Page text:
An interesting thing I was hearing about recently - a push to reframe insomnia as a phobia, and treat it accordingly: https://www.cnbc.com/2022/12/23/insomnia-former-sleep-doctor-promotes-treating-it-as-a-phobia.html I'm not sure of the validity of that approach, but it's certainly something very new...

Expand full comment
author

Thanks, Mike. I'll come right up to Scotland and take the train down so I can meet these two fellas. Can you put us in touch? LOL.

I hope yours is getting better and totally get how your Substack could impact you that way.

As for biphasic sleep, yup, I learned about that researching a historical novel years ago. Fascinating thing to learn. Alas, my problem tends to be falling asleep is very very difficult.

I just read the phobia article and I certainly have had times where I've feared sleep and as I write, raged about the lack of it. I can safely say now I don't have a phobia about sleep.

Honestly, not sure what I think of that guy's approach, but I'm glad to have learned of it.

Expand full comment

Wow. I'm not alone. This isn't a source of comfort by all means but rather a sense of not feeling so alone and weird.

I've been battling with insomnia since 2001. My father died unexpectedly and I had to commit myself into detox for prescription drugs shortly after. A perfect storm.

I worked shift work all of my life. I never had sleep issues until the 2001 one-two punch.

I ran pretty much the same course as you, trying to find the cause/solution. Nothing worked. I had to plan my work for later in the day so I didn't have to fight stressing about an alarm clock.

I did find out something rather interesting, though. After being awake all night and moving through the following day in an almost sleepwalking state at some point in late afternoons while battling closing my eyes I found a creative side that works better than I've ever experienced. Art isn't my strong suit. I'm analytical. It started with doodling, coloring, and then evolved into drawing and painting. I can write late mornings, but in recent years I've all but given that up.

I'm so glad you shared this demonic battle with us. You're so spot on... we all have that something to deal with, you showed me a new perspective. I can't say I'm grateful for it, but I'm thankful I don't have many of the other battles people must fight. Great read.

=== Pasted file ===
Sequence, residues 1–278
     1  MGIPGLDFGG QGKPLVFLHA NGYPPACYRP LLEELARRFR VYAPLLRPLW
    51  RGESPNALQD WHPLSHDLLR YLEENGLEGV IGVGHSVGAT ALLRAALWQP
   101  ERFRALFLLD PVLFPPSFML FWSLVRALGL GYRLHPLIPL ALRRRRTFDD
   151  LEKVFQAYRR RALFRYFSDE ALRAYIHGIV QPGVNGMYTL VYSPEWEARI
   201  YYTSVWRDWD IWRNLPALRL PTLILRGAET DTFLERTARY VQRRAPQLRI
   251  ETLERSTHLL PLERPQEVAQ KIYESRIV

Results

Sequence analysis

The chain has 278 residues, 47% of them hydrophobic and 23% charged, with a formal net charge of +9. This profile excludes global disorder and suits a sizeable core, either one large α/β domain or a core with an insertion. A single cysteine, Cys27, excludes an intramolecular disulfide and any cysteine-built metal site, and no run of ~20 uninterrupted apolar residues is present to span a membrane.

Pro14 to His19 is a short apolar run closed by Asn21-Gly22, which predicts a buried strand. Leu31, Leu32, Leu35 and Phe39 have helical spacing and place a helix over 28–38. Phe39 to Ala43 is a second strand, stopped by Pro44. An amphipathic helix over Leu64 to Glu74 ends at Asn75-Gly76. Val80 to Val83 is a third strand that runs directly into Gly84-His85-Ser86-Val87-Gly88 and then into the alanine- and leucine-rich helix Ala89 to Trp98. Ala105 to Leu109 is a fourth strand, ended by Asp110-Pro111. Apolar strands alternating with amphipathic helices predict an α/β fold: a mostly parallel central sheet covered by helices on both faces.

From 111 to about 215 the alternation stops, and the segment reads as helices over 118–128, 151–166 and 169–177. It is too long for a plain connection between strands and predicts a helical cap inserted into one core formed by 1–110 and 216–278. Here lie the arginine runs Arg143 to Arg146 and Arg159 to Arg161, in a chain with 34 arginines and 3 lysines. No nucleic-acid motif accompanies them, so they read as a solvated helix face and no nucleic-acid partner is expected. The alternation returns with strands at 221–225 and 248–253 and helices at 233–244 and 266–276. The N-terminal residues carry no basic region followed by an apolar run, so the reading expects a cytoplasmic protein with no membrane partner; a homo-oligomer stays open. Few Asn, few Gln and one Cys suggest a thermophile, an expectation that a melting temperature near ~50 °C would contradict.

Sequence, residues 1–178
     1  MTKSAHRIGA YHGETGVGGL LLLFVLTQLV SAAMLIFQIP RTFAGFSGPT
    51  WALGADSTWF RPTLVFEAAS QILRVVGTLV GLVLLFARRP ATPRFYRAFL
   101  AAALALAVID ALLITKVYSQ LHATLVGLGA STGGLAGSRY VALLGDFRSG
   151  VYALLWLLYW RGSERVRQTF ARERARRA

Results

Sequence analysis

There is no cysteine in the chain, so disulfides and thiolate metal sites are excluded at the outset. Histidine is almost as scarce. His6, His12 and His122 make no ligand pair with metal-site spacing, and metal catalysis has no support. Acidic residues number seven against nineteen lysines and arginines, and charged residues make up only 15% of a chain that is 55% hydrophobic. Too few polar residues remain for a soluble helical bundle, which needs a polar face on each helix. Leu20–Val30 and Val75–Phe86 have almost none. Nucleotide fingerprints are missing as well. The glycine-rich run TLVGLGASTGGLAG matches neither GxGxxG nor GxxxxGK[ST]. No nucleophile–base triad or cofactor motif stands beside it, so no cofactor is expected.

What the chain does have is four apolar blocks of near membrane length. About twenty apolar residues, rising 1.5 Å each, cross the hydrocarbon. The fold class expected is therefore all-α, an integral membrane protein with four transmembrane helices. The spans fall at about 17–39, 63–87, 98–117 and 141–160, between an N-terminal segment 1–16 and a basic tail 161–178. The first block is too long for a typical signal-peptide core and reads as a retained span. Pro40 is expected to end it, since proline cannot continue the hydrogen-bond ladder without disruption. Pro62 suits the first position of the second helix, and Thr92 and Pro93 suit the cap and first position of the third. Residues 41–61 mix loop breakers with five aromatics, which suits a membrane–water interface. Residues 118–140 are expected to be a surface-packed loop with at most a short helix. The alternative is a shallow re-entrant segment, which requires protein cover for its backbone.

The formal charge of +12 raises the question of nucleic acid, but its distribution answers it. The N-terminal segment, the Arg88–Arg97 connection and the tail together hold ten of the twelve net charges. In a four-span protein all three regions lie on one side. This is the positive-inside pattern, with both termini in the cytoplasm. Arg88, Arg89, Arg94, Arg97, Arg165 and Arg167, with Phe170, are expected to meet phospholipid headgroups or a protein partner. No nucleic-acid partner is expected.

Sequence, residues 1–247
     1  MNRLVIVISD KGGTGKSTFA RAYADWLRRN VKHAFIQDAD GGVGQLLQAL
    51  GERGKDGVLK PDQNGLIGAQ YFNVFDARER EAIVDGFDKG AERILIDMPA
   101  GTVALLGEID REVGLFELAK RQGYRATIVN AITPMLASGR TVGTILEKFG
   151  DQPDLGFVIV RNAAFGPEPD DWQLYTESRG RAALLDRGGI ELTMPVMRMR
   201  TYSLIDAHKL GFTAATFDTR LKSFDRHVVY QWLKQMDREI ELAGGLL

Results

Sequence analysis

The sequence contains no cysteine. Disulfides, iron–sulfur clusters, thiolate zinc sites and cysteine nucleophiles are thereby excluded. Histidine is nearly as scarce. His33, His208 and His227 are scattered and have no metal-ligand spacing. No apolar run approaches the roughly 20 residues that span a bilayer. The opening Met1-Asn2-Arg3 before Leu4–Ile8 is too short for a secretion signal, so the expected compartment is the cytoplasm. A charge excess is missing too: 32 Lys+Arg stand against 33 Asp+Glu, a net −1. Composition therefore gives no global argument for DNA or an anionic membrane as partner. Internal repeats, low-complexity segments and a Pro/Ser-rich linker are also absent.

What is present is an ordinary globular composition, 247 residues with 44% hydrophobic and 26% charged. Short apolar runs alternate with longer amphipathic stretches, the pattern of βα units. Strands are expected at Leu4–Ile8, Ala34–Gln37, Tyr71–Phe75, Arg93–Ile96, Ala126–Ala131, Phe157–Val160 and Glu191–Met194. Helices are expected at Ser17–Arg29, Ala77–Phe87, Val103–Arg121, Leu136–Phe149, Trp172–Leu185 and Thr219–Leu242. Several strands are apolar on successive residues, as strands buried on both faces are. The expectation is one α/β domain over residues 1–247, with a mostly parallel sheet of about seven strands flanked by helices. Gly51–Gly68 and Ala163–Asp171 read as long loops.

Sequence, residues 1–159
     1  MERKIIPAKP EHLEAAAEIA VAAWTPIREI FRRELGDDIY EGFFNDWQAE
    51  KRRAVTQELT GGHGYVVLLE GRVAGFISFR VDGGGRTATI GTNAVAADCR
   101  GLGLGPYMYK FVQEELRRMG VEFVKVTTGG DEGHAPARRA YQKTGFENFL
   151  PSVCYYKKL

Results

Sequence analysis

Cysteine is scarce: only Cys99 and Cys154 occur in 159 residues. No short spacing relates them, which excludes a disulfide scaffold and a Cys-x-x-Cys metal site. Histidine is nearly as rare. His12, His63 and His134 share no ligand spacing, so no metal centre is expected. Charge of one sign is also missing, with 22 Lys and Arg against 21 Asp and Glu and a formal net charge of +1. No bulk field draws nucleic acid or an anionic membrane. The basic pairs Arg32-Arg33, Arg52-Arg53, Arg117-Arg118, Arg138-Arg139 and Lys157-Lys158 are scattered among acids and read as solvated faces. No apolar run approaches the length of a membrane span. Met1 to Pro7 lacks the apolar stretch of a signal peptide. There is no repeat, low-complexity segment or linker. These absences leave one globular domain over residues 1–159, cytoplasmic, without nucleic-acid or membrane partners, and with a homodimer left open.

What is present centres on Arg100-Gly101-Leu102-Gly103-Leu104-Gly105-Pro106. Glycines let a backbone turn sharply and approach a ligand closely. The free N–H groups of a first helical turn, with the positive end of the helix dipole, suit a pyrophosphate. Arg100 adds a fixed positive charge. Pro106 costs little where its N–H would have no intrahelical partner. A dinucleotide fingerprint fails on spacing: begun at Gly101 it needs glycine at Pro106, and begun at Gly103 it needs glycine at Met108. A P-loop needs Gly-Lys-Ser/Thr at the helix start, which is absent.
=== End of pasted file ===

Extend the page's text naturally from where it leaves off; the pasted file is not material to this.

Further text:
Expand full comment
author

First, thanks so much for the kind words. Very much appreciated. Second, sorry for your own struggles. Obviously, I sympathize! But I'm also glad you found something positive in your experience as well. Stay healthy!

Expand full comment

Thank you for sharing this personal story. Your frustrations resonated, and you are so right: acceptance and thankfulness go a long way towards living with things you can't change.

I can personally attest that Long Covid cures insomnia but (dang it!) not the tiredness the next day!

Expand full comment
author

I'm so sorry to hear you have long Covid. I hope it gets better over time.

Expand full comment

Same!! I will spare you my 15 year saga with insomnia and get right to my cure. My naturopath discovered that I had parasites- worms and amoebas. Once they were treated, I started sleeping through the night. Within days. It was as close to an overnight solution as one could have. Have you ever been tested for parasites?! Try it. It absolutely changed my life. Best of luck.

Expand full comment
author

Hmmm, I've never even heard of that one. What kind of parasites and what kind of tests?

Expand full comment

I had roundworms. Never did determine exactly which kind. And an amoebic infection. It was strange because I didn't have any of the typical gastrointestinal symptoms--the insomnia was the main thing. I did a comprehensive stool test through a lab in the US (http://parasitetesting.com) and then did 8 weeks of treatment--over the counter meds and prescription meds as well as some homeopathic remedies and serious deep cleaning of everything I owned. That was two years ago and I now sleep 8 hours almost every night. I tell everyone I know about it because it seriously saved my life. I had gotten them when I was in the Peace Corps in my 20s and lived with them (and insomnia) ever since.

Expand full comment
author

Oh that is very very interesting Thanks, Erin!

Expand full comment
author

Hmm, seems unlikely I have those but I'll ask my doctor when I see him on Friday. Thanks for the suggestion!

Expand full comment

You're welcome! And good luck. I'm glad you haven't given up on solutions. I know how hard it is to keep trying. Fingers crossed for as dramatic a resolution as mine was.

Expand full comment

It certainly seems possible that parasites might be an issue for you, with all the travel to interesting and exotic locales you’ve experienced. They can certainly do a number on a dog’s health. And humans can harbor many of the same parasites.

Giardia isn’t a worm, but it’s not that difficult to pick up, and can be quite pernicious. It’s also difficult to detect on standard tests sometimes, unlike roundworms and similar.

Expand full comment
author

The problem with that theory is that I've struggled with insomnia for thirty years, long before I became a nomad.